Carpenters Carve Up

Carpenters Estate and the UCL- Tenants and Students Act

We reprint an except from the student action group Bloomsbury Fightback below
“There are several questions we have all been asking over these last few years: Where will we live? How will we be able to afford such expensive rent in London? How will we find jobs that pay enough to enjoy ourselves and live in comfort? When will we pay back our student debt? How?….
The student housing sector has ballooned from a fringe investment 10 years ago to a global market worth $200bn today with it becoming a ‘must have investment for most large funds’.
At the same time that we observe huge speculation on student accommodation and the ferocious entrance of private equity into the sector, we also see universities, now both sides of the Atlantic, issuing bonds secured against future earnings from tuition fees. The primary example here is the University of California which is presently in $13 billion debt as a consequence of various bond issues over the years and now, much as is the case with the sovereign debt of Greece and Spain, has to issue new bonds to ‘roll over’ the repayment of old ones. For institutions such as UCSC within the University of California the fact that there is no cap on fees, combined with the perpetual demand for college degrees (this is after all the only way one may enter the labour market for the overwhelming majority of ‘well paid’ jobs) means that despite their status as heavily leveraged institutions which for potential investors would not seem like a particularly good bet – they remain investment grade.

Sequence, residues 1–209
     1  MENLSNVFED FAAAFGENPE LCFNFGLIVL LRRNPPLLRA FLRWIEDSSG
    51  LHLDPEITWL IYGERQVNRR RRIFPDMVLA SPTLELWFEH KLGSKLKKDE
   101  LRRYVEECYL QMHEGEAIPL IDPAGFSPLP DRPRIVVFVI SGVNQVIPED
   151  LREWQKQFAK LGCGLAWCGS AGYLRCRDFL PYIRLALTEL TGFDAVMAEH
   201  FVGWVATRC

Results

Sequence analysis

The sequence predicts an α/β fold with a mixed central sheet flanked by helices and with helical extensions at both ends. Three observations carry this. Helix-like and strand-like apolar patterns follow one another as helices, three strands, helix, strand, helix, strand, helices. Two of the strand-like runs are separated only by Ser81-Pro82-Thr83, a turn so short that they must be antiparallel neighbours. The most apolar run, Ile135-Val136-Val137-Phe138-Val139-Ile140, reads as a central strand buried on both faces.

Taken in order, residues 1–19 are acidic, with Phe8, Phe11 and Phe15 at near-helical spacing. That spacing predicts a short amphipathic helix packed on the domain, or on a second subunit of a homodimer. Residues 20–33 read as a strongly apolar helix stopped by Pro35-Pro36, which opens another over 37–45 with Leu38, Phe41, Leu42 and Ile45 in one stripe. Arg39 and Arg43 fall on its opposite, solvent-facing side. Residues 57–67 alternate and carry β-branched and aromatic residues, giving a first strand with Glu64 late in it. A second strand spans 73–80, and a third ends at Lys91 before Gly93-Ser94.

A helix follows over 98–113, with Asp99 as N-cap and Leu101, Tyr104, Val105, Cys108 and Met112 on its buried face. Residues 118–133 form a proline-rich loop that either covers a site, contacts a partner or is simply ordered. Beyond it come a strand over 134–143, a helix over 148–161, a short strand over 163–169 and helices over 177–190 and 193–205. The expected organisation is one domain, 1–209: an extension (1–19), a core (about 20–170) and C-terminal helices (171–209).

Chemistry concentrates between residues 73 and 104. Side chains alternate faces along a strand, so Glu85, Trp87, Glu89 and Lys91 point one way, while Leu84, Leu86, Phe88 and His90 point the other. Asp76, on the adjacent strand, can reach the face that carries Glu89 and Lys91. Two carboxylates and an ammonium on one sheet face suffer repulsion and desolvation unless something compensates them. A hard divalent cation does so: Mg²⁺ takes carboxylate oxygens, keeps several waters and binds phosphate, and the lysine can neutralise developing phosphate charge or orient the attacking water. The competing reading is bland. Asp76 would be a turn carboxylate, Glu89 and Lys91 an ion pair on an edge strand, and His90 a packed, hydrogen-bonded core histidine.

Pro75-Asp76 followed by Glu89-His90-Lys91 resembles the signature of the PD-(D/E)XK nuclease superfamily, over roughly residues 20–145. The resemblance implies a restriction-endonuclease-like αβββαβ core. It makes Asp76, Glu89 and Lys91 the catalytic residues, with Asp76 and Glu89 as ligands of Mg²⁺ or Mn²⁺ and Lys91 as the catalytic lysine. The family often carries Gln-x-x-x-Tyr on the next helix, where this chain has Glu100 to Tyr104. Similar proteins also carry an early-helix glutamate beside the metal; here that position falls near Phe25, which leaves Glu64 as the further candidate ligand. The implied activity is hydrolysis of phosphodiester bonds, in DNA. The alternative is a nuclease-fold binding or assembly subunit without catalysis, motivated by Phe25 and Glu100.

Subsequently the capacity of UCSC to raise tuition fees to whatever level it likes is advertised in every bond prospectus. Despite its high levels of debt UCSC is still seen as investment worthy precisely because it can charge what it likes, and as is meant to be the case, there are more applicants than places. This is not regarded as academic competition by university management however, rather it is seen as a situation of over-demand and insufficient supply, and hence the signal to further increase tuition fees until equilibrium and the ‘just’ price is found. Market equilibrium magistra vitae est.
We feel it important that students are in full receipt of these facts and are confronted with the inevitable outcome that the present cap of £9000 on tuition fees will not remain with us for long. Already we expect that the Russell Group of universities is lobbying to have it removed. Elsewhere those institutions such as De Montfort who, like UCSC, have begun to issue their own bonds will also need the cap to be abolished in order to guarantee the lowest costs for the debt-financing of future projects – a necessity in light of government funding being all but scrapped.
The present cap will soon go, and institutions as disparate as Cambridge and De Montfort are now issuing their own bonds. The university increasingly resembles little more than a debt factory. This is not glib comment, a casual and speculative refrain, but merely a statement of observable fact. Our future looks like Santa Cruz, only without the beach.